The GM will often present you with obvious, obtainable goals. Under no circumstances should you attempt to complete these goals. He’s planned ahead, and he knows you’re coming. Make every effort to be as random and as unpredictable as possible. The relentless chaos will ensure that the GM is just as in the dark as you are.
And then, it’s just you vs. the dice.
I loved making Casey’s map. I lost the larger version of the file during the Great Shawn’s Computer Blew Up of ‘08, so if anyone saved a copy you absolutely should share it. I’m fairly sure I have the original line art somewhere, but finding it, scanning it again, and tweaking the graphics aren’t high on my To Do list right now.
Fun Fact: the comic was originally in Black & White. After a week or so, we went back and reposted the first few strips in color and went on to do the rest of the comic in full color. There’s a story and a moral there, but I think it will wait for another day.
Fun Fact #2: once the comic archive has run through it’s entirety, you’ll be able to play the Chainmail Bikini Drinking Game. Start with the first comic, and a case of beer. Take a sip of beer every time I drew someone talking with their mouth closed. It’s a bad habit I try to avoid now, and when I look back at these strips it’s just glaringly bad how no one ever opens their mouth to talk.
As a total aside, maybe Friday I’ll ramble about the fonts a bit. I still think they were a good idea for the most part, but they were certainly a dividing factor in the original audience.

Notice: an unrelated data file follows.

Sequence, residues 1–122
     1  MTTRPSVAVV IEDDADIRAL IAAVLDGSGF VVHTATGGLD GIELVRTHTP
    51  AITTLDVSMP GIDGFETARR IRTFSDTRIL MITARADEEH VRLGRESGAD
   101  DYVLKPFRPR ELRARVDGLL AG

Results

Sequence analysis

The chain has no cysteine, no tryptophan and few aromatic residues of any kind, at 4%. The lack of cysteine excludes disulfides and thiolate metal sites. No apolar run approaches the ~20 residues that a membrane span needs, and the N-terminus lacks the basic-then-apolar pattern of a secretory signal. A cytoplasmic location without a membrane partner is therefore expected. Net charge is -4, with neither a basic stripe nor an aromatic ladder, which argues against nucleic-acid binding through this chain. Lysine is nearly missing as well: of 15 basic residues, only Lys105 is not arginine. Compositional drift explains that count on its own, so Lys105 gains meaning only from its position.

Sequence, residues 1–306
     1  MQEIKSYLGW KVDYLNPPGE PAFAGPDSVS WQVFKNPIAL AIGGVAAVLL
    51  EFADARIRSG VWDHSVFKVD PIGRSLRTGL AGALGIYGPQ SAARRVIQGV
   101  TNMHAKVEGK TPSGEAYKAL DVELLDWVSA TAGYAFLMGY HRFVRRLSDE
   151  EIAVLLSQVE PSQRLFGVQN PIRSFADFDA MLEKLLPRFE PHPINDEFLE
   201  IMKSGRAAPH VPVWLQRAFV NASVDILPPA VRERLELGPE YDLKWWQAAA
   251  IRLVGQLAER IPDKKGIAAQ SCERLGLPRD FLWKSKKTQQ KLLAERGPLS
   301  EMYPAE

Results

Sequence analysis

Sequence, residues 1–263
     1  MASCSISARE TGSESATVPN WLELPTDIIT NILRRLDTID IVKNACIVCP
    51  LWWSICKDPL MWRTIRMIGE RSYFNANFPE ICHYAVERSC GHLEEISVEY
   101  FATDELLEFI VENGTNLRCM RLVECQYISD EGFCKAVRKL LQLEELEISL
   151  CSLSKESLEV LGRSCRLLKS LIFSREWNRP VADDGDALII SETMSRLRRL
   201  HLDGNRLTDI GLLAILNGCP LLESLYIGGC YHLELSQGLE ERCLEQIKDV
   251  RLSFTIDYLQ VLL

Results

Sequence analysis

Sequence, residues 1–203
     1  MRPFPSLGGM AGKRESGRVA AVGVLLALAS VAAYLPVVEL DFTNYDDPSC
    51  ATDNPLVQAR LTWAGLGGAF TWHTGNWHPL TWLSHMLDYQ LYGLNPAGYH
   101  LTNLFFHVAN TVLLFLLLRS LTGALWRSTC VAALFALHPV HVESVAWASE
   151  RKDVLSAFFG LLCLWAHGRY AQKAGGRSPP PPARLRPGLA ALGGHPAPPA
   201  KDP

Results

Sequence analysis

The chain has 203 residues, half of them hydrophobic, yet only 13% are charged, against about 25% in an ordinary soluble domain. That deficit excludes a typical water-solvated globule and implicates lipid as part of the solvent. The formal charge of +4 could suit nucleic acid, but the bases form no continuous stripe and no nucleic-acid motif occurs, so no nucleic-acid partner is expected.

Yeah. “Smart ones”. What a punchline. I was still stuck in the mode where panel 3 felt like the end of the set-up for the joke. Actually, I still feel like that pretty often.
EDIT A FEW DAYS LATER: The map has been found! You can see it here in all its “huge by the standards of 2007” glory. Thanks so much to Mariusz Pociask for digging it up.
Lost Laughs in Leisure Suit Larry
Why was this classic adventure game so funny in the 80's, and why did it stop being funny?
The product of fandom run unchecked, this novel began as a short story and grew into something of a cult hit.
The Best of 2013
My picks for what was important, awesome, or worth talking about in 2013.
Programming Language for Games
Game developer Jon Blow is making a programming language just for games. Why is he doing this, and what will it mean for game development?
Denuvo and the "Death" of Piracy
Denuvo videogame DRM didn't actually kill piracy, but it did stop it for several months. Here's what we learned from that.